Print & Cut Made Easy {with a cricut!}

Today I am going to review Fairy Cut software: a software that allows you to print and cut on your Cricut machine. When I was first contacted to try the software I was skeptical, but within 10 minutes of using the software I realized it was not like any other die cutting software I have used before…and I like it! The most impressive feature of Fairy Cut is the print and cut feature. I have tried to print and cut in other die-cut programs but the results were time-consuming and results were inconsistent. Fairy Cut takes the guesswork (and time) out of such designs, here is a card I made in just a few minutes using the print and cut feature in fairy cut, the cute graphics are from the Sew Craft set from Blackleaf Studios.

Here is a look at what the software looks like and you can see how easy the print and cut feature is:

I have a few tips for print and cut projects:

  1. If you have a very detailed design only print and cut one image at a time. I have noticed when you place multiple images on a mat the cuts can go off the design up to 1/8″. On the above card I printed and cut 3 images and you can see a bit of white outline here and there, I liked the look because it looked like a highlight to me.
  2. Larger images will cut more accurately.
  3. Take time to line the paper exactly up to the edge of the grid on the mat and make sure your design does not extend into the 1/4″ border on the grid, remember the cricut will not cut all the way to the edge but you do need to line you paper up there.

If you like to convert clip art into cutting files Fairy Cut does a very nice job. It will cut and separate colors well using the auto vector tool. Also Fairy cut will import a variety of files such as EPS (all of the clip art sets we sell at MyGrafico contain EPS files), SVG, DFX, AI, PDF, PLD, DPF, JPG, PNG, TXT and WPC (Fairy Cut’s native format.) Also you can export your design to about a dozen different formats compatible with other die cutting and graphic software: AI, PNG, DFX, EPS, JPG, TIF and others. Great for the designer who want to have designs available in other software programs.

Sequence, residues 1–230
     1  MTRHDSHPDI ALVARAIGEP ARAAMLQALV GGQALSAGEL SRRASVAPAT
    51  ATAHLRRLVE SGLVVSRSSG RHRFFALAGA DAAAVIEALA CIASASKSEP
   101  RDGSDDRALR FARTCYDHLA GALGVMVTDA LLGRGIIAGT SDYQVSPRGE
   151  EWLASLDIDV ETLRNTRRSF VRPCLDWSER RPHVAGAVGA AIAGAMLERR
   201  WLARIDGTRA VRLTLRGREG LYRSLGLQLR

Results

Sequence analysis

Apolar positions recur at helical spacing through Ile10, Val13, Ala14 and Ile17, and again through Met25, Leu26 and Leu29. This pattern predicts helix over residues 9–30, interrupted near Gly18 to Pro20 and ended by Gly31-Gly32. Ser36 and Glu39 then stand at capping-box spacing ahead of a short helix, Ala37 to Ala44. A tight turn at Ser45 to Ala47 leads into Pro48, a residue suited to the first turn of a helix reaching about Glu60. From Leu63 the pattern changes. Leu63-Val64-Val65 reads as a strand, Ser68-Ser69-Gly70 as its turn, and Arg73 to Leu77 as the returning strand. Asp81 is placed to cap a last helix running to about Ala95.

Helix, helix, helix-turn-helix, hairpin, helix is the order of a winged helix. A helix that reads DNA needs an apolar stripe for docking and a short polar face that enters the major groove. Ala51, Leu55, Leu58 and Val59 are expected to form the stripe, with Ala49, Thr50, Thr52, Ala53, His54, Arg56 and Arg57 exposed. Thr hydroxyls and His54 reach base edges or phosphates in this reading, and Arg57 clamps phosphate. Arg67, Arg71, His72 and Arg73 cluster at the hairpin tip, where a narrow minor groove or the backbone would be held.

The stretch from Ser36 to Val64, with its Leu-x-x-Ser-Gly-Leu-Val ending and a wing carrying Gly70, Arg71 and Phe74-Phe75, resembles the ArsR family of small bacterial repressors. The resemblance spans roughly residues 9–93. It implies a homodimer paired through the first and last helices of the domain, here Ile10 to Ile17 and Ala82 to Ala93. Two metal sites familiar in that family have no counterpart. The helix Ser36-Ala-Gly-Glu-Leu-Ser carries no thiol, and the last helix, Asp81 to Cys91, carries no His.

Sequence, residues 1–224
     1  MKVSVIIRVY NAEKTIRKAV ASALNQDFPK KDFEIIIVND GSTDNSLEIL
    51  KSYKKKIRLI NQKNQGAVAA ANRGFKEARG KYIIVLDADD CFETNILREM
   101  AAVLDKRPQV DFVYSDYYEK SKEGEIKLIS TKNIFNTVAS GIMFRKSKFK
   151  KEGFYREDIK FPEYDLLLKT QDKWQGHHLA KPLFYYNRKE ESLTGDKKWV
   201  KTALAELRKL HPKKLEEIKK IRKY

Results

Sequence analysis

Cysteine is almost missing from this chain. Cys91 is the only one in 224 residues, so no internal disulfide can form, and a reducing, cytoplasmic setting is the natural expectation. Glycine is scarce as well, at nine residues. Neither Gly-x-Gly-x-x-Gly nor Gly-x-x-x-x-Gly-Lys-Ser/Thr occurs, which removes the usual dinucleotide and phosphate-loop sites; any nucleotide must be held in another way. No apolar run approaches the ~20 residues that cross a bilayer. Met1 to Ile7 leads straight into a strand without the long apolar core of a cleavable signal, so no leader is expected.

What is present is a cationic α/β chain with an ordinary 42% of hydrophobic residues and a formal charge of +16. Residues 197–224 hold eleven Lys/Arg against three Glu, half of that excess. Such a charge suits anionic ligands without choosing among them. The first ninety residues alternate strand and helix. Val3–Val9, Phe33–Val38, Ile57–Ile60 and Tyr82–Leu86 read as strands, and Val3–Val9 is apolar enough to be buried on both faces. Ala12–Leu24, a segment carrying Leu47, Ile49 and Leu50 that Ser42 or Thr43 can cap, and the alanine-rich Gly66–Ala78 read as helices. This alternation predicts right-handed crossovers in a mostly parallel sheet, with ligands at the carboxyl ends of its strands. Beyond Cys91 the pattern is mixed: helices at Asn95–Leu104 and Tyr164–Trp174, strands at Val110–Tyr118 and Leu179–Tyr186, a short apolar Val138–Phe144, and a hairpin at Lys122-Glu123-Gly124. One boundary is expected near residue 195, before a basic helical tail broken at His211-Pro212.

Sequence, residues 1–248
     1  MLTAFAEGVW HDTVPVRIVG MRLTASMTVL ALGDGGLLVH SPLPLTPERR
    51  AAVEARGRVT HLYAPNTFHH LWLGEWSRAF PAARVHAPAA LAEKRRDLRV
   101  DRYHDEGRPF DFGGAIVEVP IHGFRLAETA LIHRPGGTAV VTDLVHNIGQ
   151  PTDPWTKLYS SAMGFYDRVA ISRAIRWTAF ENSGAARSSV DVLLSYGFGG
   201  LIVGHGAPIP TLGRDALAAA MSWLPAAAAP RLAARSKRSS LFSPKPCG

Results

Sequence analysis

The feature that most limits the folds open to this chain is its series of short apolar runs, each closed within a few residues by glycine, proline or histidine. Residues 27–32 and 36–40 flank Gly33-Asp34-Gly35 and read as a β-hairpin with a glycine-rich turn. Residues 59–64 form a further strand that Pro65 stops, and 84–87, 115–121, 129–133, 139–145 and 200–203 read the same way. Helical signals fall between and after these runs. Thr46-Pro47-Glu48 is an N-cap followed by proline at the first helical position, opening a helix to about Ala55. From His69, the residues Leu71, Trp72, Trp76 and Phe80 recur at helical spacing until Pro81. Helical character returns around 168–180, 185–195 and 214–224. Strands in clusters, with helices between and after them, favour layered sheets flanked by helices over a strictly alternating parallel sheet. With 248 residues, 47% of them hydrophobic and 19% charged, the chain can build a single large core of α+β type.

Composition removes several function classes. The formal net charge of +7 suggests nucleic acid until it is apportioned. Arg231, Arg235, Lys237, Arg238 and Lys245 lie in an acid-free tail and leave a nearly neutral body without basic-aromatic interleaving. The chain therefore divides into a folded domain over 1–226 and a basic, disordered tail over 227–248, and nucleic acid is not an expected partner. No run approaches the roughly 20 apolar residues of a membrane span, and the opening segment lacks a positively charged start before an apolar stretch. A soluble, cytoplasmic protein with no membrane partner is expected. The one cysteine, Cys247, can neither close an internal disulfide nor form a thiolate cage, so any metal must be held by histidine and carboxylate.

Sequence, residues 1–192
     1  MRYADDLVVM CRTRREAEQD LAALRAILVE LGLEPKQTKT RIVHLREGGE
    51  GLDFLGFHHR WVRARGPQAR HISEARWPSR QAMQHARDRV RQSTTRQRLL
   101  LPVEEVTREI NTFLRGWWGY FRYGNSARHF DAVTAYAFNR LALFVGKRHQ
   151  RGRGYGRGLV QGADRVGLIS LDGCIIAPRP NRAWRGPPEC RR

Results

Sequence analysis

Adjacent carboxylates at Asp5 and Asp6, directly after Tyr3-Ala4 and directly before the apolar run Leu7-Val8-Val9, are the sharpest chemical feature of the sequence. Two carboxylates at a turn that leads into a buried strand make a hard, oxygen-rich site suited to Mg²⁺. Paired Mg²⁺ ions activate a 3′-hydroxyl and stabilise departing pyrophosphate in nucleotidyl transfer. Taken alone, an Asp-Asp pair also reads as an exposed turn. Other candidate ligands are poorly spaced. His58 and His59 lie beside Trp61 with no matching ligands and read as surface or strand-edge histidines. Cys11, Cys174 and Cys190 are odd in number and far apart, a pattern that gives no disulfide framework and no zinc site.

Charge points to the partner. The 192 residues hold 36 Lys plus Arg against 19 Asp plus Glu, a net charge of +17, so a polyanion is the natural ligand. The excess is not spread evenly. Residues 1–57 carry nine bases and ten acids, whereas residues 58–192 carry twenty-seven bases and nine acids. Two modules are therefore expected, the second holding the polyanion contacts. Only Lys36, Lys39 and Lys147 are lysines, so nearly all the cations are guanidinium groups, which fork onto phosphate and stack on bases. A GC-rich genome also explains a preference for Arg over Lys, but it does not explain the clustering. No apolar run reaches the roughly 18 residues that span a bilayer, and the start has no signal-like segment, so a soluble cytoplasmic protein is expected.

I found the software easy to use. I consulted Fairy Cut’s website before trying the Print and Cut and watched one of their clear and easy to understand videos. The videos make learning the software a snap. The softwares interface reminds me of Inkscape (a vector base illustration program that I use to design my SVG files) so that made using the software all the more natural. They offer a free 30 day trial of the software for anyone interested in learning it and do recommend you check out the videos when you want to do something specific.

Another bonus to this software is its ability to cut your computer fonts. I have amassed a huge collection of fonts and that really slows down other die cutting software. With Fairy cut I can quickly open and access whatever font I choose. There is no virtual keypad so you must have an idea of what your font looks like. You might have to hunt and peck until you find the character you want (in a dingbat font for instance) but there is a handy preview window so you can see what you type will look like. If you want to see my system for dingbat organization see this post.

Fairy cut does have a few drawbacks, it can only be used with Cricut machines and a Windows based PC (i.e. not Mac compatible) at this time and it does not allow me to have a design with several pages (I like to save projects separated by paper colors on several pages within one file so I would not do these types of projects in Fairy Cut.) The price of this software is higher too at $99 BUT it says on the website that if you sign up for the newsletter you get a coupon for 20% off.

Bottom line: I would recommend Fairy Cut software to any cricut owner who wants to print and cut with their Cricut machine or have the ability to easy convert clip art into cutting files.

Thanks for stopping by and til next time happy crafting!

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